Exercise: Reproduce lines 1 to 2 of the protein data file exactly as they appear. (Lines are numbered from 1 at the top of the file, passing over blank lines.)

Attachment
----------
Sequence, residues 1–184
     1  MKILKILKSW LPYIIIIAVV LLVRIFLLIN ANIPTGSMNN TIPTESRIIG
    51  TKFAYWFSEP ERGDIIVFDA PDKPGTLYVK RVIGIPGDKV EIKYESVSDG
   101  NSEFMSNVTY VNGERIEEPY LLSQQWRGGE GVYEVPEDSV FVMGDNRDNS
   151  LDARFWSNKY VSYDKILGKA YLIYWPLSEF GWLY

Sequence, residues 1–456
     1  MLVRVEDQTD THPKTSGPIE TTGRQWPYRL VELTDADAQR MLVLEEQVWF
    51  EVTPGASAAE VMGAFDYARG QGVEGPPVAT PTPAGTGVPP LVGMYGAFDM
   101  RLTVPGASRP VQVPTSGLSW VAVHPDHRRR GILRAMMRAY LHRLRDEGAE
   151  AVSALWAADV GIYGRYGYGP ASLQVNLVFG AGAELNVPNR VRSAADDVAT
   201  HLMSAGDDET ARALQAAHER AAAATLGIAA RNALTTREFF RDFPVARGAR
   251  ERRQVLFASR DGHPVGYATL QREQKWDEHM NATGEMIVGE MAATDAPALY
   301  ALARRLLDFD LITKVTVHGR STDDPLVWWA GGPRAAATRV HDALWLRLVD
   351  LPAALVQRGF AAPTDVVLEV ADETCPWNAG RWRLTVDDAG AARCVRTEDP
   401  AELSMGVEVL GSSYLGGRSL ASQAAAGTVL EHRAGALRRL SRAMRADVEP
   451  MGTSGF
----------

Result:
Sequence, residues 1–184
     1  MKILKILKSW LPYIIIIAVV LLVRIFLLIN ANIPTGSMNN TIPTESRIIG